As of 1 April, the new financial year begins. So, in the coming weeks, thousands of property owners across the country will hear the thud of a new business rates bill landing on their doorsteps.
1 April also marks the last year of the current rating list, giving owners and occupiers just 12 months to challenge their current rateable value before the list is closed to appeal-based alterations.
With this in mind, here are our top five recommendations for what to do when your rate bill arrives.
1. Do not brush it off as just another bill or an additional void cost to be accepted!
Rate bills are not just another headache – they should always be investigated, even if your empty property is mothballed, to let, or at the design or planning phase.
If a property is empty, rates mitigation can provide a solution to that heavy void cost. This often involves either a storage occupation, which would involve tote-boxes under a separate lease, or a charitable occupation, whereby a charity would occupy the space for an exhibition. Both options provide between 65% and 85% savings for owners, depending on the suitability of the space.
2. Do not accept what you have been told by the council or Valuation Office at face value.
On the back of your rate bill, you may find sweeping statements that are not necessarily compliant with rating law. But don’t be intimidated by this – these statements may not apply to your specific circumstances.
For instance, if a property is empty because it’s being refurbished or is under redevelopment, owners may not be liable for business rates. At 123 George Street, ongoing refurbishment works have left the building unoccupied. The Valuation Office asserts that the scheme is within economic repair, and the council claims that the rating assessment is correct and therefore is beyond their control. So, the owners continue to pay business rates.
However, challenges made to both the council and the Valuation Office, using current case law and regulations, would likely result in additional reliefs or exemptions, and the property being taken off the rating list from the start of refurbishment – meaning significant backdated refunds for the property owners.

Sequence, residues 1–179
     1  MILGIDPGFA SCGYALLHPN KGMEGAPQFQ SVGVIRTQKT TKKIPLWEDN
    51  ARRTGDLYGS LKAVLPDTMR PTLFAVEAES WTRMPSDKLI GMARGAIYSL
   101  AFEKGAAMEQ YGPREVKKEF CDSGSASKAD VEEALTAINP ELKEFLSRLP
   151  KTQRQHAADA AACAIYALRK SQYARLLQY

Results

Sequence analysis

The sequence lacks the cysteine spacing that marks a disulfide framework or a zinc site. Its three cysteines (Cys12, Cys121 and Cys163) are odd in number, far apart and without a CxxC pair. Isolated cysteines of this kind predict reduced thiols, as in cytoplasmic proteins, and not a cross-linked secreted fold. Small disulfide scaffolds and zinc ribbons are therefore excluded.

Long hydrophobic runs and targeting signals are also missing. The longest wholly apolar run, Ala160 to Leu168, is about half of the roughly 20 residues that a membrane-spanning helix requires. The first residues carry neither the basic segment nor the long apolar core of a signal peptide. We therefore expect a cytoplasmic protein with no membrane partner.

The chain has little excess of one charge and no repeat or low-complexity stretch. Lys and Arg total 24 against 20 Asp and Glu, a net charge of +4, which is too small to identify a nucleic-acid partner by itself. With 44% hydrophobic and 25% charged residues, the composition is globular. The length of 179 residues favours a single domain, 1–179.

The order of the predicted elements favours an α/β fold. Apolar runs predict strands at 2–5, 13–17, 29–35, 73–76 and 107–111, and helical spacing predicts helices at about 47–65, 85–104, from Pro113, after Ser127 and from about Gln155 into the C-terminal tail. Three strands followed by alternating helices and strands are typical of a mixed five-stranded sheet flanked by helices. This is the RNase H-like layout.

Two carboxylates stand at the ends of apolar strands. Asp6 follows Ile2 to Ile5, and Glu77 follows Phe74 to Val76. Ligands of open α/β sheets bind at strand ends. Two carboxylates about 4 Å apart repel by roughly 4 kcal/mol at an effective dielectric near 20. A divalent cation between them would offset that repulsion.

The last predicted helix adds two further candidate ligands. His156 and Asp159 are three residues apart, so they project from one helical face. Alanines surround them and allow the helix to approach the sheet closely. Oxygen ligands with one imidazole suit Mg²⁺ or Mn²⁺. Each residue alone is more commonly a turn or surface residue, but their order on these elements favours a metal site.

3. Do not assume that the empty rates exemption means the issue is dealt with.
Even if a rates exemption has been applied for three or six months, your full liability will hit after this period. If you brush it under the carpet now, a hefty bill could be looming in just 13 weeks.
Again, it is worth checking whether further savings can be made, so seek advice from an RICS-accredited rating firm and consider challenging the council, to ensure you have received all you are entitled to.
4. Do not assume the liability dates are correct.
When you receive your bill, you will be charged based on a period of liability – that is, from when the property first came under your control, or left an exempt period. Do not assume the date on the bill or the amount you have to pay is correct.
It is also important to double check the dates when requesting deletions from rating. The effective date of deletion should correspond with the start of the scheme of works – be it for a refurbishment, conversion or reconfiguration; if the council is seeking these dates on your behalf, the dates will likely be incorrect.
5. Do not assume that the rateable value is correct.
Rateable values can only be challenged for one more year. But even if you only decided to challenge it now, a value change could be backdated, resulting in a refund.
It is worth seeking advice and an appraisal, as challenges to value can be made on account of disturbance, loss of floor area, change of use, refurbishment or simply on levels of value.
As ever, the earlier you can seek advice, the better. Although appeals and relief claims can be backdated, advice secured early on will ensure the best possible outcome is secured.
Get in touch with us for a free appraisal. It’s simple – complete your contact details on the ‘Enquire Now’ form on the bottom of our main Business Rates web page and upload your new rate bill. We can then fact-check it, assess whether or not savings can be made and if there are – advise you on the most efficient risk adverse course of action.